Magnesium Deficiency Symptoms
Magnesium deficiency symptoms are quite common and can have some unpleasant but avoidable side effects.
But what is magnesium, and why do we need it?
Magnesium is one of the most abundant minerals in the human body.
As a result, the deficiency of this mineral can give rise to a wide range of health issues.
According to Norman Shealy, an American neurosurgeon, almost every disease is related to a deficiency of magnesium.
Lack of magnesium cause some of the following symptoms:
- poor absorption
- celiac disease
- nausia and chronic diarrhea.
What follows is a list of some of the common signs of magnesium deficiency in the body.
Following the magnesium deficiency symptoms, we will look at how to treat them.
Poor Cognitive Processing
If you have been suffering from:
- constant memory problems
- lack of concentration
- brain fog
it might be the result of magnesium deficiency.
Mitochondria are the structure present in the body cells which produce energy.
The brain consists of the highest concentration of mitochondria in the body.
Mitochondria heavily depend upon magnesium for producing energy.
A deficiency of this mineral can hamper the performance of the brain.
Magnesium Deficiency Leg Cramps and Muscle Twitches
Magnesium deficiency symptoms may include:
- Muscle cramps
This is one of the more common low magnesium signs that runners will experience.
Leg cramps and muscle twitches are common among long distance runners.
The long run will use up magnesium in the body. As a result of this decrease, twitching and cramping may occur.
Unless you deal with this before the race, the twitching and cramping may continue into the race.
As a result, you may feel a twitching, or sensation early on before the cramp develops.
If you can stretch it out when you initially feel it, it may help.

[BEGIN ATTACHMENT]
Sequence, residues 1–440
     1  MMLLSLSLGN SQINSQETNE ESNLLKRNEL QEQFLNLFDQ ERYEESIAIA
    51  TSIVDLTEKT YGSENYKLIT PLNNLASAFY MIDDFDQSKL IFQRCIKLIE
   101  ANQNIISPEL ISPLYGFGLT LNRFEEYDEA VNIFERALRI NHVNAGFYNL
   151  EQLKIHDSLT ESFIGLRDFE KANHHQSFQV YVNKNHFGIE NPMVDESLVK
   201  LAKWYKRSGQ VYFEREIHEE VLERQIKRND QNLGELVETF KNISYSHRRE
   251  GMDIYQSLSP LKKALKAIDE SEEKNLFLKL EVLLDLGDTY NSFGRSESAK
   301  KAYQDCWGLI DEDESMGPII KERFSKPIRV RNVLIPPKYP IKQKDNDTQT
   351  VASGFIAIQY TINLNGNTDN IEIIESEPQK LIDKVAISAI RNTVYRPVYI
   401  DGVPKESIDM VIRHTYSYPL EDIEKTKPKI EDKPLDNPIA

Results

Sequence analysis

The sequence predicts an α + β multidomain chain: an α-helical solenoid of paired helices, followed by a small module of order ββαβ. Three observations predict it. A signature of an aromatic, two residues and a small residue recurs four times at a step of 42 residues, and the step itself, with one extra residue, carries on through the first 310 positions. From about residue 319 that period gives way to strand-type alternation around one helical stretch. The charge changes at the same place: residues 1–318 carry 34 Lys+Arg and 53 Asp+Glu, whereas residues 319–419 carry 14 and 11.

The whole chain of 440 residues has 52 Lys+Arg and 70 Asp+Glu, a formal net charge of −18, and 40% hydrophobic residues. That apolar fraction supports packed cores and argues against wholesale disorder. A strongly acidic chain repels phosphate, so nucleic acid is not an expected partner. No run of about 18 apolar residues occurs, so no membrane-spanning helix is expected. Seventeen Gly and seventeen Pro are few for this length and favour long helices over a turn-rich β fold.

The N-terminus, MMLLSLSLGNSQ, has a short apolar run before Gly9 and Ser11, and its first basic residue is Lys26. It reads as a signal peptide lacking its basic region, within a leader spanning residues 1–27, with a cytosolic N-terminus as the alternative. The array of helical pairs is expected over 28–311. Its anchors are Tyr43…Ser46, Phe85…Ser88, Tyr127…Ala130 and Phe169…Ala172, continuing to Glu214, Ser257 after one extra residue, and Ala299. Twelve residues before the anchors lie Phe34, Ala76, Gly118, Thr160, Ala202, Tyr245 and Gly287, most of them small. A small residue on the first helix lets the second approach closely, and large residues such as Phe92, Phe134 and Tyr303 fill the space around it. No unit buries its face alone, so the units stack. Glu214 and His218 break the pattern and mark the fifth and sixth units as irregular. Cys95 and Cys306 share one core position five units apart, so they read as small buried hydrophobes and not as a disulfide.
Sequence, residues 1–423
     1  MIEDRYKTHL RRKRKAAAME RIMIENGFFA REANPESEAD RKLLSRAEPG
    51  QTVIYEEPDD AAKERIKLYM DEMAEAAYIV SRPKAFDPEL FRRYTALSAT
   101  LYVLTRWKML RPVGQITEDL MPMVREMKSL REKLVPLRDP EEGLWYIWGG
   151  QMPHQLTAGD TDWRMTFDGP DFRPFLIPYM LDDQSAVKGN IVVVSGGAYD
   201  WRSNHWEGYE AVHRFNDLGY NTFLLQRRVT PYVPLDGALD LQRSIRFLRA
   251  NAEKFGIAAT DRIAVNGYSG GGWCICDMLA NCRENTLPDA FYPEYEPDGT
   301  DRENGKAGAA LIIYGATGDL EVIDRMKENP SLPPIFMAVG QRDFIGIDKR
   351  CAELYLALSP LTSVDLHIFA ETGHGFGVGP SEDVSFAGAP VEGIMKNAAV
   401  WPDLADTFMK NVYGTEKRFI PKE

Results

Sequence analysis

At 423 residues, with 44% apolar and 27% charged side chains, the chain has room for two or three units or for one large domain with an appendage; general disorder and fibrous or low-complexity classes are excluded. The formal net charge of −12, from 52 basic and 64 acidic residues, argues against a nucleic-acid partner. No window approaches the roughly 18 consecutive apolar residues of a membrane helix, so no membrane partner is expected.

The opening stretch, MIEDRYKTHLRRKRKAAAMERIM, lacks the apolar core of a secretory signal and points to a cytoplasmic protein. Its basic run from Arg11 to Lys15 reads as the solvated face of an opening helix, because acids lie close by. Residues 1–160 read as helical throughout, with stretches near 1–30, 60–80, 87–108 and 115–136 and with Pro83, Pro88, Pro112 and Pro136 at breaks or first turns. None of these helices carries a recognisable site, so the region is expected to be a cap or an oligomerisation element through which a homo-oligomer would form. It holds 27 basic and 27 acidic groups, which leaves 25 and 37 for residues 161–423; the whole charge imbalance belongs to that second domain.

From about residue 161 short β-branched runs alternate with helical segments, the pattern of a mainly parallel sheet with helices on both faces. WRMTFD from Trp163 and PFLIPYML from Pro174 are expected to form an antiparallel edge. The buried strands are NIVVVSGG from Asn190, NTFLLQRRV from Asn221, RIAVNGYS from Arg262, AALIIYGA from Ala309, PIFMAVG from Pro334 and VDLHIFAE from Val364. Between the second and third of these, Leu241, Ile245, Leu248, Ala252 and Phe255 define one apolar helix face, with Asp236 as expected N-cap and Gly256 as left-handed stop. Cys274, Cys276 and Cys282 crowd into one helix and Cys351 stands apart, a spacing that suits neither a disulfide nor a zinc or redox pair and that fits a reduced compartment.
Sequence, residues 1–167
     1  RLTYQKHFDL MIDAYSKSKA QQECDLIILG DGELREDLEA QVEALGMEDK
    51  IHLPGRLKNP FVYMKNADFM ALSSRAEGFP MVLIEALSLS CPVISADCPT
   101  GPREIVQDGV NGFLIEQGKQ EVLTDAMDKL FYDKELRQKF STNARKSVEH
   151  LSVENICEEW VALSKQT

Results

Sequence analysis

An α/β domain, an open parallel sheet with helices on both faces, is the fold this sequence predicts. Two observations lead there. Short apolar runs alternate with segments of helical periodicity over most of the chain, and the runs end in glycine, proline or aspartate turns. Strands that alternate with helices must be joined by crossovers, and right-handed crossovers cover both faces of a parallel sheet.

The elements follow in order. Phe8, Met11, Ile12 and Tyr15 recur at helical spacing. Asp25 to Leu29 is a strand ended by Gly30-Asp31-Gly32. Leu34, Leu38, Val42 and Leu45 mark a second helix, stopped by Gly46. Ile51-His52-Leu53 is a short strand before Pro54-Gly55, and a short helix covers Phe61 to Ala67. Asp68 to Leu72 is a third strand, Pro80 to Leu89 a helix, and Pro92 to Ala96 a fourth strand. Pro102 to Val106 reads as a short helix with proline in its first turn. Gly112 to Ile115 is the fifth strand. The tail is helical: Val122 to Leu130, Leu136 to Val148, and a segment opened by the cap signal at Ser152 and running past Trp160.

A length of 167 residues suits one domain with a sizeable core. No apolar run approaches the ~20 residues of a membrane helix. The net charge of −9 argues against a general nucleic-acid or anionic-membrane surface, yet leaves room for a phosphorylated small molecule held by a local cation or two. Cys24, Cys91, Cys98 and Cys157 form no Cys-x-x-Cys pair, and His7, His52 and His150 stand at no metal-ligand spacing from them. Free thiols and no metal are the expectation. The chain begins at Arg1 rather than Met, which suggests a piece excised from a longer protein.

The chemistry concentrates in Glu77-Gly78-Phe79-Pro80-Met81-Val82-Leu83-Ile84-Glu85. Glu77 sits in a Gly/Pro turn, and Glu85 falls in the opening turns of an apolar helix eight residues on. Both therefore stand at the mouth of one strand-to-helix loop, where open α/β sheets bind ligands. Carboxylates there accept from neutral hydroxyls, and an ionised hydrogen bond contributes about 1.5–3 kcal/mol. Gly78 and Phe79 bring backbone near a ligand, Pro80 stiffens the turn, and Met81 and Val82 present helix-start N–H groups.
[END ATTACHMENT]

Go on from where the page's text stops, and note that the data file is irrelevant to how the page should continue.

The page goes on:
Electrolyte drinks and salt sticks may also help to reduce the effects of cramp, due to the added magnesium.
Runners often supplement magnesium when training for endurance races.
Hyper-stimulation of the nerves causes twitching in the muscles.
High Blood pressure
Low magnesium may cause high blood pressure.
According to a Harvard study, people who consume magnesium supplements have healthy blood pressure.
Another study revealed that the risks of developing high blood pressure are almost seventy percent less in women who consume magnesium supplements.
Magnesium Deficiency Headaches and Migraines
Migraines can be a warning sign of magnesium deficiency.
Magnesium plays a vital role in the regulation of neurotransmitter production.
A reducing the intensity and frequency of headaches is likely with the consumption of magnesium supplements.
Magnesium also has an impact on the non-migraine headache.
Magnesium is responsible for the regulation of calcium balance in the neuronal cells.
An excessive amount of calcium can result in over-stimulation of the brain (excitotoxic effect).
A prominent factor in the formation of migraines and headaches may be a lack of magnesium.
Mental disorders are another sign of a deficiency of magnesium.
It is inclusive of apathy which is characterized by the lack of emotion and mental numbness. According to several observational studies, the low level of magnesium leads to an enhanced risk of depression.
A high deficiency of magnesium might also result in delirium or coma.
Intake of magnesium supplements can help alleviate anxiety disorders.
Magnesium Deficiency Symptoms – Fatigue
Magnesium is associated with high energy production. The mitochondria, present in the cells depend on magnesium on a wide scale for producing energy. The mitochondrial function is known to determine the energy levels within the body.
Magnesium renders support to the adrenal glands which are known to play a vital role in producing energy. This mineral is associated with enzymatic processes in the body.
Magnesium deficiency may disrupt more than 300 normal bodily processes.